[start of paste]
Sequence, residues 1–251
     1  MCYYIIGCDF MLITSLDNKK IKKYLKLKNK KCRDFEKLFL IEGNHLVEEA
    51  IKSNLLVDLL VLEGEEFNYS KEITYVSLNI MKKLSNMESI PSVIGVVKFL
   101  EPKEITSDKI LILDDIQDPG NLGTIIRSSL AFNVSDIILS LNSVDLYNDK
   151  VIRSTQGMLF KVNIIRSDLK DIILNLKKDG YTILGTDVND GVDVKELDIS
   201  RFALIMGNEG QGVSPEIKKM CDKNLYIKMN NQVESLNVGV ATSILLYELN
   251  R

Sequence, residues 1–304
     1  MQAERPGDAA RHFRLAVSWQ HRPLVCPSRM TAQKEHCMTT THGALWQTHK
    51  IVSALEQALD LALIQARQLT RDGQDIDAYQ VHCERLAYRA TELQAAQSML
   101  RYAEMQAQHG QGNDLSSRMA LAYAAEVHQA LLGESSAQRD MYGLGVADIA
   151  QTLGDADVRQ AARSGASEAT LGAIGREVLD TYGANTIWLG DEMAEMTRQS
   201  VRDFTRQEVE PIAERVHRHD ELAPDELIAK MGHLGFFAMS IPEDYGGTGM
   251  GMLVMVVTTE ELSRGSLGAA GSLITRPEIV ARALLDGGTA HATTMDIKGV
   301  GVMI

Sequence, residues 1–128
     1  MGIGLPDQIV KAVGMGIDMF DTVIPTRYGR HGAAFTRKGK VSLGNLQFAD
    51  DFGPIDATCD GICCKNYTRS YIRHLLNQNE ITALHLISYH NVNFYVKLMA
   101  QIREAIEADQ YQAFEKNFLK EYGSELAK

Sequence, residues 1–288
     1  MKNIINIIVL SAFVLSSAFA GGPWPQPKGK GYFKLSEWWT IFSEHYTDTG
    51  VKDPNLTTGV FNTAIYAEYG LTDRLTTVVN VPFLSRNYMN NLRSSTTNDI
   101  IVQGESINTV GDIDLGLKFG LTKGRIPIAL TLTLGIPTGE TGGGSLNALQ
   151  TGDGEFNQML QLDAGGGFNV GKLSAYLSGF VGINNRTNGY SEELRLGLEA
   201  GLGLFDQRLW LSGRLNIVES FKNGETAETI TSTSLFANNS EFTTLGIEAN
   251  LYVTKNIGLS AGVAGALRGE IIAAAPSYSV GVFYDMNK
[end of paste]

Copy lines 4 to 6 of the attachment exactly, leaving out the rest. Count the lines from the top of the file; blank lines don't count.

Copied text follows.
   101  EPKEITSDKI LILDDIQDPG NLGTIIRSSL AFNVSDIILS LNSVDLYNDK
   151  VIRSTQGMLF KVNIIRSDLK DIILNLKKDG YTILGTDVND GVDVKELDIS
   201  RFALIMGNEG QGVSPEIKKM CDKNLYIKMN NQVESLNVGV ATSILLYELN